Reese Nelson, Ph.D., a horticulture professor at Brigham Young University – Idaho, has been named the Outstanding Educator of the Year for 2023 by the NALP Foundation. Nelson spent his undergrad at BYU – Provo and earned his advanced degrees at BYU – Idaho. Nelson is actively involved in NALP, spending his time coaching the BYU – Idaho team in preparation for the National Collegiate Landscape Competition. He also donates considerable time to the NALP accreditation committee, where he conducts site visits to schools seeking accreditation.
He has been described as the greatest advocate a student could have in their education, as he is focused on the long-term success of his students. Former students and industry colleagues revere him as both a mentor and friend who cares deeply about the landscape industry.
Nelson received his award during the 47th NCLC. NALP caught up with Nelson after the event to learn more about his experience as an educator.
When were you first attracted to horticulture?
I learned early on that horticulture was a marriage between art and science and I love that intersection. Later on, I learned about where people meet horticulture as well. That has really turned me on. So I love the plants and I love the intersection where the plants meet people.
What do you love most about being an educator?
Certainly, the students. That’s the easy answer. Over 25 years, if I averaged bringing 20 students to this event, that’s 500 students I brought to this event. That’s really what I love is to see them get a glimpse of how professional this industry is. It’s wide open for their success and that’s what I really love. The classroom is okay, but I’m not going to remember any lecture or anything else. When I think back, I remember this event when I think back over 25 years.
What is your proudest moment as a horticulture educator?
I love my relationships with the students. I think that’s what I value the most. We have a lovely garden on campus too, and when I get those two loves together, it’s really a symbiotic relationship. I love introducing students to the plants and then how they can have gainful careers. My job is not just to get them a diploma. My job is to springboard them into a successful career.
What is the No. 1 lesson you hope students take away from your class?
How big and professional the industry is. I think we can all get jobs and when the industry comes knocking on my door for labor, I’m accommodating, but I’m not passionate about it. But when they come and want to have a relationship with us over the years and help our program, we help them; that’s what I’m excited about. That’s why I love the supportive industry. This feels like a family reunion more than anything.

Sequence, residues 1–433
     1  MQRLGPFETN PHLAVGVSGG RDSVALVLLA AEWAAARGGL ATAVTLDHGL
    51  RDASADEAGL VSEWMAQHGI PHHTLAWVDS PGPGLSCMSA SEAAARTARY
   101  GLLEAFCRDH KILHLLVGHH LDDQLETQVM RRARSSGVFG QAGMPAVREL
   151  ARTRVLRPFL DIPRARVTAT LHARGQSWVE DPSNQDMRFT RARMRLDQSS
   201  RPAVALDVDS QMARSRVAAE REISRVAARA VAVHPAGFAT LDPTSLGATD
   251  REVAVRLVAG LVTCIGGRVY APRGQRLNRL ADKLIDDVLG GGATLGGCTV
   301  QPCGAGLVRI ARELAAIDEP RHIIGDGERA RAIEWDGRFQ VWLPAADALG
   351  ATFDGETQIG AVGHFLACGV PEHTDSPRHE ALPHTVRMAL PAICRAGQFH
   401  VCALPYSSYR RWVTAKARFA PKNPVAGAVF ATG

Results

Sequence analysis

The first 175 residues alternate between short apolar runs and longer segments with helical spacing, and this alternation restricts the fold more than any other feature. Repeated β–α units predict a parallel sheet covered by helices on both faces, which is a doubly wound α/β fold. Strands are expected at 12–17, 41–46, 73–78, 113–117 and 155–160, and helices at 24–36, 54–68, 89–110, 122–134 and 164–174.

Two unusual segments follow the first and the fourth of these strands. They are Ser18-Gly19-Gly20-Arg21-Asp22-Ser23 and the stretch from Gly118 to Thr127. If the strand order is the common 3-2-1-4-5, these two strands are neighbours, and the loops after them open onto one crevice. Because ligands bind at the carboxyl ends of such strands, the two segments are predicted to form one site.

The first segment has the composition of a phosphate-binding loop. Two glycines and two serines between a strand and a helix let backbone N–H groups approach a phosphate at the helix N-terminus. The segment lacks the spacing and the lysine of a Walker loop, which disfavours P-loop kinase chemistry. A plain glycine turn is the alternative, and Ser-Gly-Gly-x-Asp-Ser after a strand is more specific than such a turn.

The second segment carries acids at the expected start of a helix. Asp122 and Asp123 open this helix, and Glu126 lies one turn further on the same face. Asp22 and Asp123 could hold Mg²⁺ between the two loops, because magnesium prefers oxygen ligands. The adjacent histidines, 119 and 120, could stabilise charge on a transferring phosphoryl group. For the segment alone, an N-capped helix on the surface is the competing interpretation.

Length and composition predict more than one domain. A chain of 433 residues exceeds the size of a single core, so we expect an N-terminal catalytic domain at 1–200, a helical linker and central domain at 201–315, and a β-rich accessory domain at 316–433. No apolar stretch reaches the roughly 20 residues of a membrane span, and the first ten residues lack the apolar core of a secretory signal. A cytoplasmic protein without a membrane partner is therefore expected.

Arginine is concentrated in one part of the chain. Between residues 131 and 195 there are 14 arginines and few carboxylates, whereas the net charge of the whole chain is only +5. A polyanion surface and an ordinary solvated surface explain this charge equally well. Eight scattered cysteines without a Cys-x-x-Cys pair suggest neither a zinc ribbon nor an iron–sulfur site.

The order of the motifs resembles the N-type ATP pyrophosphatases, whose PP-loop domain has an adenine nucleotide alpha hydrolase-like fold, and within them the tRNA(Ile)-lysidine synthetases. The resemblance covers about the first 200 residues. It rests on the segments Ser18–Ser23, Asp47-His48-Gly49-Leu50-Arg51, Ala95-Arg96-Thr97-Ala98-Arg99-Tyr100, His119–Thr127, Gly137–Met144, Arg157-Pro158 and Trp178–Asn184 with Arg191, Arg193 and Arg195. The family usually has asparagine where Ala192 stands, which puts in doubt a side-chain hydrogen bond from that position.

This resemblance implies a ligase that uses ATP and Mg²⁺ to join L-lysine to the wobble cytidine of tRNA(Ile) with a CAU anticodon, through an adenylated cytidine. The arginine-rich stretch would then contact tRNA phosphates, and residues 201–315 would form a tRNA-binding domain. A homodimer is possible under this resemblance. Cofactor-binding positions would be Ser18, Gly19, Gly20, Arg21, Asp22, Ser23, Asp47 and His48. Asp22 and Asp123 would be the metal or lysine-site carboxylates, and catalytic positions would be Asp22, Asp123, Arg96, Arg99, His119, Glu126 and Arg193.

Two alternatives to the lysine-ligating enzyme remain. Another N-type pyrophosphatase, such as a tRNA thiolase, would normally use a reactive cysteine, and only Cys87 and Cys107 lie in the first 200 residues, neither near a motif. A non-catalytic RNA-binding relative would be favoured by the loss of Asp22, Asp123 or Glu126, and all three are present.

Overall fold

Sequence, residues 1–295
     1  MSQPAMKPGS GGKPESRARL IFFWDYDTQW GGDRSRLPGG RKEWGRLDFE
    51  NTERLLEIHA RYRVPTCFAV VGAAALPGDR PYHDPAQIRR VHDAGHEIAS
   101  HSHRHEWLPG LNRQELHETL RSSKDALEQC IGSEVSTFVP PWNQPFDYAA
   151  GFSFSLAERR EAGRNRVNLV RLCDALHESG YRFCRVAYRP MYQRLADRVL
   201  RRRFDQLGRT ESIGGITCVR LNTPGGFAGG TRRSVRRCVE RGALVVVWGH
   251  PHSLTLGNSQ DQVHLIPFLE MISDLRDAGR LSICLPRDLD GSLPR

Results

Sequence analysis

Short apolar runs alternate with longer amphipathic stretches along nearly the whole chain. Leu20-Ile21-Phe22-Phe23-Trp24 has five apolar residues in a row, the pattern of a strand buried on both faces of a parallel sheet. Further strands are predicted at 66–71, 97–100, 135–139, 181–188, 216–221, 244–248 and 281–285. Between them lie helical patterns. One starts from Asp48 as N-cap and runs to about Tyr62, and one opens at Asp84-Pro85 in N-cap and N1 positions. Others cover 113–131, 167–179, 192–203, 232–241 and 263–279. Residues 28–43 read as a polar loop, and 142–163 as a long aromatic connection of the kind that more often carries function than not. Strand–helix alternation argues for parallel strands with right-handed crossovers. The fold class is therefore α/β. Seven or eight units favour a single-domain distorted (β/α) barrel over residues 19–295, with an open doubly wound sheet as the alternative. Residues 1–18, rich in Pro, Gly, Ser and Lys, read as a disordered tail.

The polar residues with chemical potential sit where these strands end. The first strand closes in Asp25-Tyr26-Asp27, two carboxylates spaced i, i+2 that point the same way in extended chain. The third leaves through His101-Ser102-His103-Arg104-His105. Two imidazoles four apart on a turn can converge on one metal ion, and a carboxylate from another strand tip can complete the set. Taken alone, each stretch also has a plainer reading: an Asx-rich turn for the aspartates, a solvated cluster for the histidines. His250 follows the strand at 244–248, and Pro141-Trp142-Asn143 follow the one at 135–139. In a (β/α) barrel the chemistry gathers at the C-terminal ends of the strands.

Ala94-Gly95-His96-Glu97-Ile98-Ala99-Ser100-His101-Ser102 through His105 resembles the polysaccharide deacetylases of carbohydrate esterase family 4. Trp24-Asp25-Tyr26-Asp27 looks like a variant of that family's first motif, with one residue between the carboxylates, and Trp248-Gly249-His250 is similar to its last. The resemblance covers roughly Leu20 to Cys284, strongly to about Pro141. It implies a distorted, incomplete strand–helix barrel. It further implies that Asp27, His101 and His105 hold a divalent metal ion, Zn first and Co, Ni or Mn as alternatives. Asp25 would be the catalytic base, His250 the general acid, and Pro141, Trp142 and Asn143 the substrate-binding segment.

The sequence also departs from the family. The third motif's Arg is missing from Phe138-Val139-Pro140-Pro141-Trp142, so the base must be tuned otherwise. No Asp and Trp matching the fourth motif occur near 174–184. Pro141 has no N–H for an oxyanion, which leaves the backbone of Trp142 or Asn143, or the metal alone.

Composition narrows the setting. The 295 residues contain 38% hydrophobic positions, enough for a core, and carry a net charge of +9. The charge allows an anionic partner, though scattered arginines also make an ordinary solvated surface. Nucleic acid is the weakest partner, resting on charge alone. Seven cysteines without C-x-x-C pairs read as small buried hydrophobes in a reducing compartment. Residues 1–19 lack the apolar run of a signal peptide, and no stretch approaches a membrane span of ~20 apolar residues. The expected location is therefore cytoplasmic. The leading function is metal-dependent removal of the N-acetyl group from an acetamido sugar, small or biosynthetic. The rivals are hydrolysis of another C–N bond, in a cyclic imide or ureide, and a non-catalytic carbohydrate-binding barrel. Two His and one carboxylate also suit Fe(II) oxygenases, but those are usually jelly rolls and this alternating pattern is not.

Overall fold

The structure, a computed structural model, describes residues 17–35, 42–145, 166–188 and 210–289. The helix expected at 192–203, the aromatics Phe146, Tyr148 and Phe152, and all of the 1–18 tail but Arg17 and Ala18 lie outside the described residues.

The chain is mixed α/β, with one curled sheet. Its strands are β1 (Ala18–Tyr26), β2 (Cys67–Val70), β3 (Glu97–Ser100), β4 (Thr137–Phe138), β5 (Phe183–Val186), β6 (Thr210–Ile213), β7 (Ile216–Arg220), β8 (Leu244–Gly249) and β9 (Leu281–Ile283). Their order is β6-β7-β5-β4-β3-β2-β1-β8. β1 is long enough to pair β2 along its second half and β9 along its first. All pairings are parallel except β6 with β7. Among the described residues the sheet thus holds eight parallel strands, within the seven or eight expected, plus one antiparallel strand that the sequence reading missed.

What advice would you give to other horticulture educators trying to get young people interested in the landscaping field?
It’s much like selling a landscape. We’ve got to put forth the benefits of what we do so that their lives can become better. You’ve got to articulate the benefits. Decision makers, administrators, those kinds of people are not motivated by warm, fuzzy feelings. They’re motivated by money and these other things and they’ve got to see a direct return on investment of how their lives can be made better by what we have.
What is your biggest challenge as an educator?
There are all kinds. It’s just like the industry, though. We have ups and downs, financial squeezes, and building and planning, etc. Every industry has their challenges, but we have blooming flowers and trees and things that look wonderful. We can make people’s lives better. We’re not just selling a box in a warehouse. We have the privilege of working with these plants and helping lives become better.
What do you think is a significant barrier preventing young people from being interested in the landscape industry?
It’s not sexy. They see all these other things that grab their attention effortlessly, but it’s coming along. I think it’s improving all the time, and this will get better. I’m so excited about the future. We’re handing the baton off and they’re going to do some great things.
What does it mean to be the Educator of the Year?
I’m humbled and I don’t feel worthy of this because I know my friends out there are much more qualified than me. It’s a humbling experience to be recognized that way, but it means a lot to me.
In five years, where do you see horticulture education?
First of all, our programs seem to be all threatened because of cutbacks in finances. When you consider the cost per individual, we have expensive programs. We’ve got to figure that out a little bit better. I also think that we’ve got to get better at making them sexy, the bells and whistles that come along with technology and other things to make this appealing to parents and to kids. This is not the first career option they see out there. They see lots of different things but we’re going to get better at this.
This article was published in the May/June issue of the magazine. To read more stories from The Edge magazine, click here to subscribe to the digital edition.